Appleton's Cyclopedia of American Biography, edited by James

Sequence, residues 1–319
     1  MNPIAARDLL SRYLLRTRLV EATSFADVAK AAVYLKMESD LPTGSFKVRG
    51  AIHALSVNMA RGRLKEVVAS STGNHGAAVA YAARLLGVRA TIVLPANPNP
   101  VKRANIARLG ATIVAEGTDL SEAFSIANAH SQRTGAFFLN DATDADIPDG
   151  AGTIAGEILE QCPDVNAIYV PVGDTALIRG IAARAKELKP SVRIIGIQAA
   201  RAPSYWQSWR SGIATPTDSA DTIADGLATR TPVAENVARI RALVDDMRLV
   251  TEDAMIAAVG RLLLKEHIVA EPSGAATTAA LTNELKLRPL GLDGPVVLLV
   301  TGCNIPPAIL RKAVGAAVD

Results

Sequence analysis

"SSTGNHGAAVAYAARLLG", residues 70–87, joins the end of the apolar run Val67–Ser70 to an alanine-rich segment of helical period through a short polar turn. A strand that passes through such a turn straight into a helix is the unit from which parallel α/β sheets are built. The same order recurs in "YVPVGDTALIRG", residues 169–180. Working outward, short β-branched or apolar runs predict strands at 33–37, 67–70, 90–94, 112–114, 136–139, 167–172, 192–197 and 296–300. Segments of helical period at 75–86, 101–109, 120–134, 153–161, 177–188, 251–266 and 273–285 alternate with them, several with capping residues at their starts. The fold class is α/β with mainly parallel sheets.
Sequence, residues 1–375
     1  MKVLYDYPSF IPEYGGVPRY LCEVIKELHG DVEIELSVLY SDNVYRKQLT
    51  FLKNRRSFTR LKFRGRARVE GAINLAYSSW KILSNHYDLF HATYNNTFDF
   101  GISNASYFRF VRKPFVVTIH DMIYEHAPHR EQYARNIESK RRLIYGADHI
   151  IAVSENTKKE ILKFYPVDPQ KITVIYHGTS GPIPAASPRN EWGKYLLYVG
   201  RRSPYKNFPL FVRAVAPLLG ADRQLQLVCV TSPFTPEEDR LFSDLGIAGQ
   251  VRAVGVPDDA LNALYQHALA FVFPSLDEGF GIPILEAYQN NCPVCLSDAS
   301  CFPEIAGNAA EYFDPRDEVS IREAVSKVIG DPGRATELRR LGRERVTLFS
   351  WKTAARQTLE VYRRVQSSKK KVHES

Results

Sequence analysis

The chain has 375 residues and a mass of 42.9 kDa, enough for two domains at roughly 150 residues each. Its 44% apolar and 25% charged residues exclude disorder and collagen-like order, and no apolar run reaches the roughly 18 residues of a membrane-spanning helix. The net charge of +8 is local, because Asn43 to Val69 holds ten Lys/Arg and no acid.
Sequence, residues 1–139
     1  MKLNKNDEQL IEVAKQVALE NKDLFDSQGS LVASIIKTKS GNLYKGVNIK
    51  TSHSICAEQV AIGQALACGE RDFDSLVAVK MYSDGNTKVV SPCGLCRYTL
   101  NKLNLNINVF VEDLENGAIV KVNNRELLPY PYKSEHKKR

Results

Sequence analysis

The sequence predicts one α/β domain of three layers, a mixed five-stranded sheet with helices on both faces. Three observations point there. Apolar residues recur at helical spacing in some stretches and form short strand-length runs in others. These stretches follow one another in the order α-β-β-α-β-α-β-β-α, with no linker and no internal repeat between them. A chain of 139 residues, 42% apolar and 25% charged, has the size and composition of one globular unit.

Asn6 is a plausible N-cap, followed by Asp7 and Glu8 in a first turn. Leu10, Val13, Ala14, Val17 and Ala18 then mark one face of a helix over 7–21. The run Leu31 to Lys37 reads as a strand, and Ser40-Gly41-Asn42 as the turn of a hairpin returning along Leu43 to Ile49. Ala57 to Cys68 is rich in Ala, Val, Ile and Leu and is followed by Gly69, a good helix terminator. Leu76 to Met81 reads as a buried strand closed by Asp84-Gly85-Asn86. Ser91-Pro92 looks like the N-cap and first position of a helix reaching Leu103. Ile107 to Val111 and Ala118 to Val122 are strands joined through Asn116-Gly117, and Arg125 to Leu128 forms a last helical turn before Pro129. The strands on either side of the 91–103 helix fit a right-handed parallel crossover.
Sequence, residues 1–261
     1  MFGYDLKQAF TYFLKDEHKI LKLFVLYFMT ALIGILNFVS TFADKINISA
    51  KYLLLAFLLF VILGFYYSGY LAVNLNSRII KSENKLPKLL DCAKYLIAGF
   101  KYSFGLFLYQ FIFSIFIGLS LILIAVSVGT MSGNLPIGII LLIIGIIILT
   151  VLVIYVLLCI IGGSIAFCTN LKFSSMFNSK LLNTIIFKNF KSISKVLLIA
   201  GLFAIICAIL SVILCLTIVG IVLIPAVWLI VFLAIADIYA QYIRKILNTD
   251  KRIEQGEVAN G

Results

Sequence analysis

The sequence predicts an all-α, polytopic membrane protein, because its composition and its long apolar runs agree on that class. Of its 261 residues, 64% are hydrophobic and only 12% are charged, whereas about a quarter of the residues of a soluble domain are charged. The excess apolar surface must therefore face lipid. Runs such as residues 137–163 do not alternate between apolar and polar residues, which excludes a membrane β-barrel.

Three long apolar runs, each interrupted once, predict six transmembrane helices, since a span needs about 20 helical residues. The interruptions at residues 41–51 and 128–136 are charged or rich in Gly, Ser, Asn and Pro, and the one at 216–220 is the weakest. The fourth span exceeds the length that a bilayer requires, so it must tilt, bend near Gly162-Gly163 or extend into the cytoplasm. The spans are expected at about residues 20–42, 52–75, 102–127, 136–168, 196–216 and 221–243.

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RITTENHOUSE, William, paper-maker, born in the principality of Broich, Holland, in 1644; died in Roxborough, Philadelphia, Pennsylvania, in 1708. He was a Mennonite preacher, and with his sons, Claus and Gerhard, and his daughter, Elizabeth, came to this country from Amsterdam, Holland, and settled at Germantown, Pennsylvania, in 1687-'8. His ancestors for many generations had been paper-makers in Arnheim, and he built in 1690 the first paper-mill in this country, on Paper-mill run, a branch of Wissahickon creek, in Roxborough township. The mill was owned by a company, among whom were, besides himself, Robert Turner, Thomas Tresse, Samuel Carpenter, and William Bradford, the first printer in the British colonies south of New England. In 1700-'1 this mill was carried away by a freshet, but, with the aid of William Penn, was rebuilt of stone in 1702. Rittenhouse became the sole owner of the paper-mill in 1704, and before his death gave it to his son, Claus or Nicholas (1666-1784). The business increased, and soon an additional mill of stone was added. From paper that was made at this place William Bradford was supplied, and Gabriel Thomas writes: "All sorts of very good paper are made in the German Town." The business was carried on by direct descendants of William at the same place until well into the 19th century. William continued his preaching in this country, being the first Mennonite minister in Pennsylvania, and he and his son were granted naturalization papers by Thomas Lloyd, the deputy governor, on 7 May, 1691. --Among Claus's children was MATTHIAS (1708--1779), who became a farmer and settled in Norriton township, Montgomery County, Pennsylvania, and the latter's eldest son was David, astronomer, born in Roy borough, Pennsylvania, 8 April, 1732: died in Philadelphia, 26 June, 1796. He was early trained to work on a farm, but an uncle, dying when the boy was about twelve years old, left him a chest of tools, together with a few books that contained the elements of arithmetic and geometry, and some mathematical calculations. These seem to have determined the bent of his life, for he covered the handle of his plough, and even the fences around the fields, with mathematical calculations. He was not without considerable mechanical ability, as he had made a complete water-mill in miniature when he was eight years old, and at seventeen he made a wooden clock, and later one in metal. In 1751 he persuaded his father to advance money with which he purchased in Philadelphia an outfit of tools, and then established himself in Norriton as a clock- and mathematical-instrument-maker. His (lays were spent in following his trade, and his nights were given to study, tie solved abstruse Mathematical and astronomical problems, discovering for himself the method of fluxions, and for a long time believing that he was its originator, he mastered an English translation of Newton's "Principia," also devoting himself to the study of optics. In 1751 he became acquainted with Thomas Barton (q. v.), who supplied him with books, from which he gained a knowledge of Latin and Greek. His clocks became celebrated for their accuracy : he obtained a local reputation for astronomical knowledge, and through Mr. Barton, who became his brother-in-law, he was introduced to men of learning. In 1763 he was called on to determine the initial and most difficult part of the boundary-line between Pennsylvania and Maryland, and this task was so well accomplished that he was offered extra compensation on its completion. Although the instruments were of his own manufacture, when the official astronomers, Charles Mason and Jonathan Dixon, arrived in 1763, they accepted his observations without change. He was appointed in 1769, at the request of a commission that was selected by New York and New Jersey, to settle the boundary-lines between these colonies. Meanwhile he continued his scientific researches, studied the variations in the oscillations of the pendulum that are caused by the expansion and contraction of the material from which it was made, and devised a satisfactory plan of compensation ; also about this time he made a thermometer on the principle of the expansion and contraction of metals. Later he constructed an orrery on a new and more perfect plan than had ever before been attempted, which, when it was finished in 1770, was regarded by John Adams as "a most beautiful machine .... It exhibits almost every motion in the astronomical world." Princeton purchased it for £300, and later Rittenhonse made a larger instrument from the same model for the University of Pennsylvania, for which he received £400. In January, 1768, he was elected a member of the American philosophical society, and in June of that year he addressed the society on the transit of Venus that occurred on 3 June, 1769, in consequence of which three committees were appointed by that body to make observations. One of these, under Rittenhouse, was stationed at his observatory in Norriton, and all of the preliminary arrangements were left to him. He set to work with great zeal; Thomas Penn sent a reflector from Europe, and other apparatus was secured, all of which Rittenhouse mounted. The observations, according to the testimony of the astronomer royal of England, were excellent, and, according to another authority, " the first approximately accurate results in the measurement of the spheres were given to the world, not by the schooled and salaried astronomers who watched from the magnificent royal observatories of Europe, but by unpaid amateurs and devotees to science in the youthful province of Pennsylvania." In 1769 he observed the transit of Mercury, and a year later he calculated the elements of the motion and the orbit of a comet. In 1770 he removed to Philadelphia, where he continued to engage in mechanical pursuits, and also for some years had charge of the state-house clock. He continued his experiments, and in 1771 investigated the electrical properties of the gymnotus, or electric eel. In 1772 he was engaged to survey and ascertain the levels of the lands between the Susquehanna and Delaware rivers, and in 1773 he was chief of a commission to make the Schuylkill river navigable. He was commissioner from Pennsylvania in 1774 to determine the northwestern extremity of the boundary between New York and Pennsylvania. In March, 1775, the American philosophical society presented for the consideration of the Pennsylvania assembly a plan for the erection of an observatory under state control, with a view of tendering the appointment of director to Mr. Rittenhouse. The Revolutionary war prevented the carrying out of this project, and he was ordered "to prepare moulds for the casting of clock-weights, and send them to some iron-furnace, and order a sufficient number to be immediately made for the purpose of exchanging them with the inhabitants of this city for their leaden clock-weights." In October, 1775, he was appointed engineer to the committee of safety, and in that capacity he was called upon to arrange for casting cannon of iron and brass, to view a site for the erection of a Continental powder-mill, to conduct experiments for rifling cannon and musket-balls, to fix upon a method of fastening the chain for the protection of the river, to superintend the manufacture of saltpetre, and to locate a magazine for military stores on Wissahickon creek. He was appointed one of the committee of safety in April, 1776, its vice-president in August, and in November the proclamations that were issued bore his name as presiding officer. In March, 1776, he was elected a member of the assembly from Philadelphia, and later he became a member of the convention that met on 15 July, 1776, and drafted the first constitution for the state of Pennsylvania. He was one of the board of war for the state of Pennsylvania, and later one of the council of safety, to whom the most absolute powers were temporarily granted. In January, 1777, he was elected first state treasurer under the new constitution, and he was unanimously elected to the same office for twelve years, until finally, in 1789, he declined to serve any longer. On several occasions he was appointed to act on various boundary commissions, and in 1792 he was appointed first director of the mint, which place he filled for three years. From 1779 till 1782 he was professor of astronomy in the University of Pennsylvania, and also a trustee and vice-provost of the same institution. In 1772 he received the honorary degree of A. M. from Princeton, and in 1789 the same college conferred on him the degree of LL.D. He was elected a fellow of the American academy of arts and sciences in 1782, and in 1795 he was chosen an honorary fellow of the Royal society of London. In 1771 he was elected one of the secretaries of the American philosophical society, of which he became vice-president in 1786, and, on the death of Benjamin Franklin in 1790, he was chosen its president, which office he then held until his death. The early volumes of the transactions of that society were enriched by his scientific contributions, about twenty in number; his most elaborate paper, " An Oration on Astronomy" (Philadelphia, 1775), was delivered on 24 February, 1775. Thomas Jefferson, who succeeded him as president of the Philosophical society, wrote" "' We have supposed Mr. Rittenhouse second to no astronomer living; that in genius he must be first, because he is self-taught." See "Life of David Rittenhouse," by James Renwick, in Sparks's "American Biography" (Boston, 1834), and " Memoirs of the Life of David Rittenhouse," by William Barton (Philadelphia, 1813). RITTER, Abraham, author, born in Philadelphia in September, 1792; died there, 8 October, 1860. His father, , Jacob, was a soldier in the Revolutionary war', and the son became a merchant in his native city. He was for fifty years a member of the board of elders of the Moravian church, tie published a " History of the Moravian Church in Philadelphia, 1742-'57" (Philadelphia, 1857), and "Philadelphia and her Merchants " (1860).